Margy Kinmonth (director)
03 April 2017 (released)
04 April 2017
Director Margy Kinmonth came to this project after working in Russia on a number of films and absorbing the culture while she was there. An area rarely referred tois the art of the Russian Avant-garde pre and post the revolution. Seeing that there was an important story to tell she set about researching the subject. This lead to some remarkable discoveries and also learning of the terrible suffering some of the artists went through. These stories are given added poignancy as they are recounted by descendants of the artists - some of whom are artists themselves.
Kinmonth also brought in a troupe of actors Matthew Macfadyen, Tom Hollander, James Fleet Eleanor Tomlinson and Daisy Bevan, to voice the words of Lenin, Malevich, Kandinsky, Lyubov Popova and Varvara Stepanova respectively. This doesn’t really add to much the film but isn’t a distraction either.
Which is welcome as the story of the Russian avant-garde and politics is fascinating. It is though not a complete surprise that politicians and artists are happy to exploit each other for mutual benefit, until such time as usefulness runs out. Once that happens it usually the artist that comes off the worst. The death of Gustav Klutsis a case in point his photo montages suited a purpose until Stalin decided they didn’t.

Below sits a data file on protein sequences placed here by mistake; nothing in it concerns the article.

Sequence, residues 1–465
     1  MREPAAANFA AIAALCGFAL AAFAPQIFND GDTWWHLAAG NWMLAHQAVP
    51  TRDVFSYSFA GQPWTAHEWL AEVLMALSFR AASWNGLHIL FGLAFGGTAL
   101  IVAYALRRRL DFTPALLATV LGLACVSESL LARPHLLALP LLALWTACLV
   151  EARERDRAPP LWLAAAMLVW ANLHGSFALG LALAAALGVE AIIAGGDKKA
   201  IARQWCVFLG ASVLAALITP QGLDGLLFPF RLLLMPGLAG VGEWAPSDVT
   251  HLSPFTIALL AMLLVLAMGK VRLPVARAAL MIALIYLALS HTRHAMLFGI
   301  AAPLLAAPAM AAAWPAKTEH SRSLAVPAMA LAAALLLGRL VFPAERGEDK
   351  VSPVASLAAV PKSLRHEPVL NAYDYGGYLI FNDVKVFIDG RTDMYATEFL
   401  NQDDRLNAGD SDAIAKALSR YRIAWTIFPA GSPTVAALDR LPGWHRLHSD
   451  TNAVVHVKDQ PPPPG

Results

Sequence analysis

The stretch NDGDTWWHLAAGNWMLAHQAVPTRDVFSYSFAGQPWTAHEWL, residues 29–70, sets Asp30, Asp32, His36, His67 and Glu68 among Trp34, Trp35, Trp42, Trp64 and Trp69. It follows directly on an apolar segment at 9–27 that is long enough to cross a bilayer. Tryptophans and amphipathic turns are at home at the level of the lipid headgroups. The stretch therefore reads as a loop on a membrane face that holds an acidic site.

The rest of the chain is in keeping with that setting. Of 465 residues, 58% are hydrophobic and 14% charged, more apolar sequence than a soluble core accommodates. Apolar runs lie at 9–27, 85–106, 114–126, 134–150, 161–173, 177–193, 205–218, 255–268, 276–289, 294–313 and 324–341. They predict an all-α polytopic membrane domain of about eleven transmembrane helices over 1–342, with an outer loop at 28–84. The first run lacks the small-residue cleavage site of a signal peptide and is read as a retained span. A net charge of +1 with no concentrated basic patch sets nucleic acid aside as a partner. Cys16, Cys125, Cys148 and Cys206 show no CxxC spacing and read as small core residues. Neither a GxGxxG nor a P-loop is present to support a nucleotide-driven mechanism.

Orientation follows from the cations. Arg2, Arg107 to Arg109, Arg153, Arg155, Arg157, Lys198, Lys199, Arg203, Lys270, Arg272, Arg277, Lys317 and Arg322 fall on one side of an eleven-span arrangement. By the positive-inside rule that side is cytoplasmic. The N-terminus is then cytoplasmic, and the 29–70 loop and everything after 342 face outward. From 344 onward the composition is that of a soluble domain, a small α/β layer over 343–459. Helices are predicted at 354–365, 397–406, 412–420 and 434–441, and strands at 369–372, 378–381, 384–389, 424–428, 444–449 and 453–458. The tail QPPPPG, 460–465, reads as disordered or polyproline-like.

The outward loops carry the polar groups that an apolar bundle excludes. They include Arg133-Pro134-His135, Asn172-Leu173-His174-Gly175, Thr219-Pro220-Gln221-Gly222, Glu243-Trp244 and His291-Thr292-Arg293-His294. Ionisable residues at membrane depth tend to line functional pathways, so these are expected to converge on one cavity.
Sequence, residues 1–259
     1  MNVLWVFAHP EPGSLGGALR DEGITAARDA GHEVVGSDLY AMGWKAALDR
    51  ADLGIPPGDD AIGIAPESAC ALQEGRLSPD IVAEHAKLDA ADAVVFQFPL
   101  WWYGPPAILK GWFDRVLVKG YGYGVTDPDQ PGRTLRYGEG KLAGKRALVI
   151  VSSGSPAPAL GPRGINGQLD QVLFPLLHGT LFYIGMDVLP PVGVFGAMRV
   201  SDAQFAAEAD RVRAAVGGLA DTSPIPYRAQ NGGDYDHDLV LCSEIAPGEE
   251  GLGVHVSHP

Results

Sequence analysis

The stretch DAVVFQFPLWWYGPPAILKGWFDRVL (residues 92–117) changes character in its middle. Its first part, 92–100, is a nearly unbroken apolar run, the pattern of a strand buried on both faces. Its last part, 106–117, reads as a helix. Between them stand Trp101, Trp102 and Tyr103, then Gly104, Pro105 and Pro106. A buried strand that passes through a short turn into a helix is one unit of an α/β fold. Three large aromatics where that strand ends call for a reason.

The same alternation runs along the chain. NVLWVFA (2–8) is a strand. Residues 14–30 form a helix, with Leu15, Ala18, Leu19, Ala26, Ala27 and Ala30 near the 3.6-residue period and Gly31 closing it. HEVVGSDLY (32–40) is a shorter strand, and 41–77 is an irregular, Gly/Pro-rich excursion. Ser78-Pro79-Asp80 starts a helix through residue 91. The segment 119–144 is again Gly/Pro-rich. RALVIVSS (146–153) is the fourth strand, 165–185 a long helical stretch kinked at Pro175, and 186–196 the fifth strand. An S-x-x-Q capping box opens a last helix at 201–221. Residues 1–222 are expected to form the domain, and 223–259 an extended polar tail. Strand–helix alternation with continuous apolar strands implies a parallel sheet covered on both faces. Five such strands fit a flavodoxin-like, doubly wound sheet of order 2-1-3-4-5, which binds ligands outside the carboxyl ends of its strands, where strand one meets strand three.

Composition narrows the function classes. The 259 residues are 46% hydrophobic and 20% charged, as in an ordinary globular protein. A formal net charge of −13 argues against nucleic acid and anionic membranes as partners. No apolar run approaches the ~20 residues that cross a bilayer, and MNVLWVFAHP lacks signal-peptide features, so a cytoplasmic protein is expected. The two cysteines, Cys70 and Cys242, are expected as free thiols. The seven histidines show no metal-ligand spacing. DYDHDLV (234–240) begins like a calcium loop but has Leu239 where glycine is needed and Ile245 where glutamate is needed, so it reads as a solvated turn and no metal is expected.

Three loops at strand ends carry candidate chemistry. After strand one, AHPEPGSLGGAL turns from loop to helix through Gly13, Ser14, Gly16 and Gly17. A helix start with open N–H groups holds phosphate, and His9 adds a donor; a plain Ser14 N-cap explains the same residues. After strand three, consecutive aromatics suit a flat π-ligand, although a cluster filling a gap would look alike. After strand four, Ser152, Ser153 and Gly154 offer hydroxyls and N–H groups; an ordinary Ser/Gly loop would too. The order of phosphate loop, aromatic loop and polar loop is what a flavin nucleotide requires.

His was the fate of many of the artists who pre-revolution were producing some of the world’s most distinctive art. The debate about Malevich’s Black Square continues today (dramatised during the film) while the works of those who left during that period, Kandinsky and Chagall for example, are now so part of the mainstream that there is a danger that they have lost all meaning.
The starting point is Eisenstein’s October, the supposed recreation of the storming of the winter Palace now known to be a propaganda exercise. So, we move forward as communism starts to take hold and a once flourishing, invigorating and challenging artistic community is shunned, persecuted, imprisoned and in some cases murdered.
Much of this art is now in storage - virtually ignored by the Russian establishment and public - and one of the most remarkable aspects of this film is the access that Kinmouth was granted. The work of some of these almost forgotten artists is astonishing, and the film could possibly have concentrated more on these. As such we are given tantalising views of some of the most distinctive work the avant-garde ever produced.
Revolution is a ravishing visual feast and a documentary that serves as an introduction to both the Russian revolution, its politics and the avant-garde art that flourished, and was then demonised. Thoroughly absorbing all the way through, its presented with the sort of enthusiasm which just makes you want to go and find out more about both the art and revolution.